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Ariel Dorfman's sprawling play about a totalitarian regime gets an unfocused and uneven New York premiere.

Ching Valdes-Aran and Sarah Nina Hayon in Widows
(© Colin D. Young)
In plays like Death and the Maiden and The Other Side, Chilean playwright Ariel Dorfman has examined what, for many nations around the globe is commonplace: the aftermath of civil war and the practice of torture by totalitarian regimes. Dorfman revisits these subjects in Widows, a sprawling play from 1998 that's receiving an unfocused and uneven New York premiere at 59E59 Theaters under the direction of Hal Brooks.

Set on the riverbank in a village just emerging from a brutal period of war, Dorfman's play centers on a group of women who are mourning the loss of all of the men from their town, even as they vainly hope that their beloved male relatives will return after mysteriously disappearing during governmental crackdowns. Particularly aggrieved is Sofia (played with fierce dignity by Ching Valdes-Aran) who has lost her father, husband, and two sons and who sits immobile at the edge of the river awaiting the men's return.

Her prayers are seemingly answered when a man's disfigured and mutilated body washes up on the riverbank. Sofia believes it to be that of her father, but before she can bury the corpse, it is taken away and burnt by a Lieutenant (a commanding Giuseppe Jones). He is eager to maintain strict order over Sofia and the other women, and reasons that they cannot question the man's demise without the body.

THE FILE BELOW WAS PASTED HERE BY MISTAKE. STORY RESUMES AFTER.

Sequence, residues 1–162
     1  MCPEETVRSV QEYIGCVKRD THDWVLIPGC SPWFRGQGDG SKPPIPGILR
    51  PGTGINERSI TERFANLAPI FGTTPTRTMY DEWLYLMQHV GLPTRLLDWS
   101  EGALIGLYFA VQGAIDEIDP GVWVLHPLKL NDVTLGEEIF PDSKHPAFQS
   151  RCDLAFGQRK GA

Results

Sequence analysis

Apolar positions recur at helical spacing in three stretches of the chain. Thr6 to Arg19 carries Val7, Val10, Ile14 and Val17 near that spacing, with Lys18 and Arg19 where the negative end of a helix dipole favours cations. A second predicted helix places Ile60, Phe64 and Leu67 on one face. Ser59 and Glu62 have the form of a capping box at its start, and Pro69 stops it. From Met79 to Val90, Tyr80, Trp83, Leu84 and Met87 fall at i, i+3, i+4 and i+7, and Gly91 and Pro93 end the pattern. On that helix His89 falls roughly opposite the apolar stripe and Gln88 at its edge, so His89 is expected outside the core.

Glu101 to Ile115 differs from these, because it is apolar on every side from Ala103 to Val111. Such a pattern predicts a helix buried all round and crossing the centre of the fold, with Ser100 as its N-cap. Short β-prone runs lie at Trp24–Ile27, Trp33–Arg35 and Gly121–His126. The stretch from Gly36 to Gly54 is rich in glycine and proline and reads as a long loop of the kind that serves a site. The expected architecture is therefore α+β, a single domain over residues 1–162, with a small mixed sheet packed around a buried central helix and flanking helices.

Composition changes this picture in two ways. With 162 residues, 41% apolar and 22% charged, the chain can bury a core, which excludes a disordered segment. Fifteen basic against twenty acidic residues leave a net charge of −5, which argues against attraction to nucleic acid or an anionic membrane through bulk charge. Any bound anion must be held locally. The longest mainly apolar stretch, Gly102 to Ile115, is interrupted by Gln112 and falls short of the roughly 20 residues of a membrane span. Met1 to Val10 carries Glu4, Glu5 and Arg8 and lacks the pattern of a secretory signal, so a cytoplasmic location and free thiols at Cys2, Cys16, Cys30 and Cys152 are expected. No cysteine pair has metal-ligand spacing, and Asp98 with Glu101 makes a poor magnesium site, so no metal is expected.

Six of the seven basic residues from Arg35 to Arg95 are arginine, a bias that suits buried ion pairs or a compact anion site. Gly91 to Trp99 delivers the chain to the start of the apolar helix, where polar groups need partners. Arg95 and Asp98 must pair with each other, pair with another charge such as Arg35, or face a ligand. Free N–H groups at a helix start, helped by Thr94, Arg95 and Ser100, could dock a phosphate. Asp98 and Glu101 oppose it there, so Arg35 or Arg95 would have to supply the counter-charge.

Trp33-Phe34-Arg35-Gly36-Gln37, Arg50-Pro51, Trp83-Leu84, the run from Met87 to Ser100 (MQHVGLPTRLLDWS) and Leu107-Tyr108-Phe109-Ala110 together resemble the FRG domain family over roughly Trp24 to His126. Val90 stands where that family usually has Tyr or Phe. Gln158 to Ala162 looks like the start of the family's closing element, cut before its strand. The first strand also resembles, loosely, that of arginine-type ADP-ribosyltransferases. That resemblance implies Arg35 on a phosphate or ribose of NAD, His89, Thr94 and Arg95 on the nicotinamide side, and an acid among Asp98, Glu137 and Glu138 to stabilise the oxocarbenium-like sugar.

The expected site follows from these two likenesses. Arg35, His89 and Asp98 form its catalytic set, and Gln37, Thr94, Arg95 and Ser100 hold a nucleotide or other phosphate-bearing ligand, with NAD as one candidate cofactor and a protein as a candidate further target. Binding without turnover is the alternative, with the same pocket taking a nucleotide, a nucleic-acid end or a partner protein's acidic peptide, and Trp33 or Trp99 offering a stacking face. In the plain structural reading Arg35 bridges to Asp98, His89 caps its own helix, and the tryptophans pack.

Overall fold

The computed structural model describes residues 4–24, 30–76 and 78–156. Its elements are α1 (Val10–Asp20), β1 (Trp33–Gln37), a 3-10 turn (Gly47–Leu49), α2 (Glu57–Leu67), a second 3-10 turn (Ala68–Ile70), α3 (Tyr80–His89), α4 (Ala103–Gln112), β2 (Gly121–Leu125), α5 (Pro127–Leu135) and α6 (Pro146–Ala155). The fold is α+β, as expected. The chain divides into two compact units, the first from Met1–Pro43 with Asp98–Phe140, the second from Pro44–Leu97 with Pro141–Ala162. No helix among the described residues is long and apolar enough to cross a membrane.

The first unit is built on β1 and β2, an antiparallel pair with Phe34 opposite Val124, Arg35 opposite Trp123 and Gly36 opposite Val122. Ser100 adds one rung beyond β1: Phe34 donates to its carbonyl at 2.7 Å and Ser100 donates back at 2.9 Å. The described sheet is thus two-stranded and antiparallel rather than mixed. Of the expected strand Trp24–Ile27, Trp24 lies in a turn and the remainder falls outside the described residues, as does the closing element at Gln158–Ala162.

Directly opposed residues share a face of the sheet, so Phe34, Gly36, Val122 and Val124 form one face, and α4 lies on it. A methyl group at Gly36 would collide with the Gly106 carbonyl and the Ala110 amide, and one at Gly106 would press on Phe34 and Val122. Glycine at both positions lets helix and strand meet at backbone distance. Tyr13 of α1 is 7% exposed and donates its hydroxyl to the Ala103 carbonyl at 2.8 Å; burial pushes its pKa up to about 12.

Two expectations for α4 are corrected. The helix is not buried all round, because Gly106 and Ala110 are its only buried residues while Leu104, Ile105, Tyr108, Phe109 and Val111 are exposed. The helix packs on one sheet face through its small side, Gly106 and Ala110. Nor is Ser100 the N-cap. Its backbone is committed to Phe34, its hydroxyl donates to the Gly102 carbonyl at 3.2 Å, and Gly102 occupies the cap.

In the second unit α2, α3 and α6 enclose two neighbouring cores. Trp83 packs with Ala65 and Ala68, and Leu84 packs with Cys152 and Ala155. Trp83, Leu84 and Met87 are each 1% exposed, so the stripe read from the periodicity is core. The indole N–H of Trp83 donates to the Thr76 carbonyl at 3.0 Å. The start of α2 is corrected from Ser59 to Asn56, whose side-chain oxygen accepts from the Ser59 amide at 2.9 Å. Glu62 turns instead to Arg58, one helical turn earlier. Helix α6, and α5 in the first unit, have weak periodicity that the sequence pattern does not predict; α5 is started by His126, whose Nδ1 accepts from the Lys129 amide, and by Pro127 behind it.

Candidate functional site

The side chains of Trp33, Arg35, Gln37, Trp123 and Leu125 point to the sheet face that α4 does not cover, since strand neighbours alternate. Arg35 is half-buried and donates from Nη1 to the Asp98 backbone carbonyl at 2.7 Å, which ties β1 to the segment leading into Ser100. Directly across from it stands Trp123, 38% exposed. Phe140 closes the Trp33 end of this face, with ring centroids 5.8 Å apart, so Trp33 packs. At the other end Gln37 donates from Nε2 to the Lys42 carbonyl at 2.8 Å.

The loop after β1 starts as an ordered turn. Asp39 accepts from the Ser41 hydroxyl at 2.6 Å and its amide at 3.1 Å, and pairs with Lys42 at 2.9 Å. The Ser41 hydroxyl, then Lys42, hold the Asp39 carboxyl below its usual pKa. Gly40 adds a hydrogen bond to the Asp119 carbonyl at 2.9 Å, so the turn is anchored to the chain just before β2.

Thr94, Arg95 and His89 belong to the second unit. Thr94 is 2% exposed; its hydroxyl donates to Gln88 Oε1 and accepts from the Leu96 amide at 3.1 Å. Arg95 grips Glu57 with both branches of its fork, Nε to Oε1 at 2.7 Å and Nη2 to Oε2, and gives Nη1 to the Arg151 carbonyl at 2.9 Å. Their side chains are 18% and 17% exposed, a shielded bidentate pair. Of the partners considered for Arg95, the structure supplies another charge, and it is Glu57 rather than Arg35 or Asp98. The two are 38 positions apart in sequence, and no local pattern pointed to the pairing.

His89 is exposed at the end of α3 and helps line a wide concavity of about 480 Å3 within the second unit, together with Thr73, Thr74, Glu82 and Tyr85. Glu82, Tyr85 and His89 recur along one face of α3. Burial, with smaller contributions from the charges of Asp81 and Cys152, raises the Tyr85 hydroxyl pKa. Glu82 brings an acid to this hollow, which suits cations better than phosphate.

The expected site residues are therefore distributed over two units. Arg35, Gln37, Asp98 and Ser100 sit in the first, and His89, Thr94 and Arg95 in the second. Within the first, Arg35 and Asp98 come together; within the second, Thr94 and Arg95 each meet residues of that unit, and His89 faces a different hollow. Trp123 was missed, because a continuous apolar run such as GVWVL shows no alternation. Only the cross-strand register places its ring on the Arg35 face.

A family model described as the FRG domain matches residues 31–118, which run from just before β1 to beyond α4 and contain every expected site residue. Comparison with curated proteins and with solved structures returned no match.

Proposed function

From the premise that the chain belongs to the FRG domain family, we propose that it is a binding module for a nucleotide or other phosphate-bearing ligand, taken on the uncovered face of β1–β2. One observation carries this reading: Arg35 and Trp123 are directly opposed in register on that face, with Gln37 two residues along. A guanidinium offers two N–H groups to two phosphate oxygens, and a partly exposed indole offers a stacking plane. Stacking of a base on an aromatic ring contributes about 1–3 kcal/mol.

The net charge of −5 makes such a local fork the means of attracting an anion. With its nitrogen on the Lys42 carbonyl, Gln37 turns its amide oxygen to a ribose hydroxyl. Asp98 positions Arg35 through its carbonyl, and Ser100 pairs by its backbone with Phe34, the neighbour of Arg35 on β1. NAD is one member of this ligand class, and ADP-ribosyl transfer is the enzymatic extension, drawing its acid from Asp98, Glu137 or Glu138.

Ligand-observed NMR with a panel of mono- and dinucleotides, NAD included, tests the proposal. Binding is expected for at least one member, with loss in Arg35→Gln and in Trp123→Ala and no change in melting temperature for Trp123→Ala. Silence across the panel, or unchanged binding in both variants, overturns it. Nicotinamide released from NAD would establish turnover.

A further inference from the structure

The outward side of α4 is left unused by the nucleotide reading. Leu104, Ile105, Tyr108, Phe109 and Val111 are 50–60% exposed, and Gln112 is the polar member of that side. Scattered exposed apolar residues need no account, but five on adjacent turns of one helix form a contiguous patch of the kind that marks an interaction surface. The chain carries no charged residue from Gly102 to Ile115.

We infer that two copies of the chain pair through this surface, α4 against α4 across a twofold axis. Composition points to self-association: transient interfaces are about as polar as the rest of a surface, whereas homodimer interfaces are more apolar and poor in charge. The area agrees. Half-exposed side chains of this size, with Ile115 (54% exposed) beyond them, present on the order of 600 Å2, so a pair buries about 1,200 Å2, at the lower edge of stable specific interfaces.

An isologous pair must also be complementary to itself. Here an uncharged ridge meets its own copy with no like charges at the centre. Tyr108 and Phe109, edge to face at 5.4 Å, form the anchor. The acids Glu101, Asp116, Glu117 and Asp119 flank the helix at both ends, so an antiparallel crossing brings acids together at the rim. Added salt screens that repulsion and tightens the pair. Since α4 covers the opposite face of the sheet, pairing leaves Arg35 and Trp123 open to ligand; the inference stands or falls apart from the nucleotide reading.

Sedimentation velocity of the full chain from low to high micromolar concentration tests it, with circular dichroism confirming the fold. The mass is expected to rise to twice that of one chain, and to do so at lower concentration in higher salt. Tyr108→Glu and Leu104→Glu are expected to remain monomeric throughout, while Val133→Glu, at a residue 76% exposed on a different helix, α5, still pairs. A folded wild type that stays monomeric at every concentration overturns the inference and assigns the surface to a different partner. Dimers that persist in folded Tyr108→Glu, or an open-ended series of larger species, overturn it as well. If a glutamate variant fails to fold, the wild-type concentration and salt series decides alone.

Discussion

The Lieutenant's actions, however, are not supported by his superior, a newly-arrived Captain (played with an initially intriguing, but ultimately ineffective lightness by Mark Alhadeff), who hopes to show a modicum of compassion toward those he governs. When a second corpse washes onto the shores, however, the Captain's compassion must give way to political and military expedience. Initially he supports Sofia's claim that the body is that of her husband. Later, in an attempt to stem what he believes might be a rival's attempt to subvert his program of reform, he encourages another woman (Veronica Cruz) to claim the body. His plan backfires, though and after his reversal, all of the women of the town lay claim to the body and rush to observe rites over its grave, turning Widows into a play not unlike Antigone.

Unfortunately, Dorfman burdens what might be a compelling revision to the Greek myth with subplots including a love affair between an orderly (well-played by Joaquin Torres) reporting to the captain and the woman who makes the second claim on the body, and the orderly's mole-like relationship with the wealthy family that holds sway over the arid land (rendered sparely by scenic designer Wilson Chin as a plywood runway cutting through the theater) where the grieving women live. Further, one of Sofia's daughters-in-law (an excellent Sarah Nina Hayon) and this woman's children (played with conviction and warmth by Ana Cruz Kayne and Sean J. Moran) are also drawn into the women's civil disobedience and the captain's retaliatory actions.

Lyrical passages in which the women keen like a Greek chorus and sequences of magic realism only further distract from Dorfman's central story, making it feel aimless. Indeed, Widows meanders as it progresses, sapping the work of its ability to shock, provoke or otherwise emotionally touch theatergoers.


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